Minggu, 29 Mei 2016

Defining Death: The Case for Choice

Distinguished bioethicists Robert M. Veatch and Lainie F. Ross have adapted the first several chapters of their fabulous Transplantation Ethics to be a separate volume from Georgetown University Press: Defining Death: The Case for Choice.

"New technologies and medical treatments have complicated questions such as how to determine the moment when someone has died. The result is a failure to establish consensus on the definition of death and the criteria by which the moment of death is determined. This creates confusion and disagreement not only among medical, legal, and insurance professionals but also within families faced with difficult decisions concerning their loved ones."

Veatch and Ross argue that the definition of death is not a scientific question but a social one rooted in religious, philosophical, or social beliefs. Drawing on history and recent court cases, the authors detail three potential definitions of death--the whole-brain concept; the circulatory, or somatic, concept; and the higher-brain concept. Because no one definition of death commands majority support, it creates a major public policy problem. The authors cede that society needs a default definition to proceed in certain cases, like those involving organ transplantation. But they also argue the decision-making process must give individuals the space to choose among plausible definitions of death according to personal beliefs.

1. Defining Death: An Introduction

The Emergence of the Controversy

Three Groups of Definitions

The Emergence of a Uniform Brain-oriented Definition

Irreversible vs. Permanent Loss of Function

Defining Death and Transplanting Organs

The Structure of the Book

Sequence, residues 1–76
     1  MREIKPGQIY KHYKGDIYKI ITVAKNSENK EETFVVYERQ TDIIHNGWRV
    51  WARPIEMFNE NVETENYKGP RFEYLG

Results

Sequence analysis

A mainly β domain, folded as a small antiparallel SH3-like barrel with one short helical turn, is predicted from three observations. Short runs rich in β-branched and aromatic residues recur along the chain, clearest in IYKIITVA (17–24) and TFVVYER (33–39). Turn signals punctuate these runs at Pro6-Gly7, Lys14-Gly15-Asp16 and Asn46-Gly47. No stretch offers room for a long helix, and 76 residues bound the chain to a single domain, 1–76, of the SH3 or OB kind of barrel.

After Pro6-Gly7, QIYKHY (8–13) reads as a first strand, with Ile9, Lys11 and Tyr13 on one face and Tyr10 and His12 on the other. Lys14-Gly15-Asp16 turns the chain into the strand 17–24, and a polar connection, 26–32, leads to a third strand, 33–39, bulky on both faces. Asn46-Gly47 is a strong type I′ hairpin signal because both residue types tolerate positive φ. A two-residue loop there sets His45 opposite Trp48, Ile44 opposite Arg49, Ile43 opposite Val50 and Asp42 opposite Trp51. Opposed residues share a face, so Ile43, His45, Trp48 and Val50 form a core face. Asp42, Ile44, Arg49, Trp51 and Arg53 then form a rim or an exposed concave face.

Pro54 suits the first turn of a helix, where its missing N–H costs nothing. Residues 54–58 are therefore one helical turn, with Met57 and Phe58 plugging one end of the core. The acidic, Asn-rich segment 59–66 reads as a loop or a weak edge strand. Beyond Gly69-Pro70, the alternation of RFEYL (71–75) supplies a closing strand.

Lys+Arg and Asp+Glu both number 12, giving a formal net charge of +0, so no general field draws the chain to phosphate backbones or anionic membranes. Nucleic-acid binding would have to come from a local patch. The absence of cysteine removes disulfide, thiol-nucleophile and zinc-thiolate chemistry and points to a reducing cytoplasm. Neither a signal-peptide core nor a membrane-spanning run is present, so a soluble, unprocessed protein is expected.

2. The Dead Donor Rule and the Concept of Death

The Dead Donor Rule

Candidates for a Concept of "Death"

The Public Policy Question

3. The Whole-Brain Concept of Death

The Case for the Whole-Brain Concept

Criteria for the Destruction of All Brain Functions

Problems with the Whole-Brain Definition: Case Reports

Problems with the Whole-Brain Definition: The Alternatives

4. The Circulatory, or Somatic, Concept of Death

Two Measurements of Death

Circulatory Death and Organ Procurement

The DCD Protocols

Shewmon's Somatic Concept

The Two Definitions of the US President's Council on Bioethics

5. The Higher-Brain Concept of Death

Which Brain Functions Are Critical?

Altered States of Consciousness: A Continuum

Measuring Loss of Higher-brain Function

Ancillary Tests

The Legal Status of Death

6. The Conscience Clause: How Much Individual Choice Can Our Society Tolerate in Defining Death?

The Present State of the Law

Concepts, Criteria, and the Role of Value Pluralism

Explicit Patient Choice, Substituted Judgment, and Best Interest

Limits on the Range of Discretion

The Problem of Order: Objections to a Conscience Clause

Implementation of a Conscience Clause 

7. Crafting a New Definition of Death Law

Incorporating the Higher-brain Notion

The Conscience Clause

Clarification of the Concept of "Irreversibility"

A Proposed New Definition of Death for Public Policy Purposes

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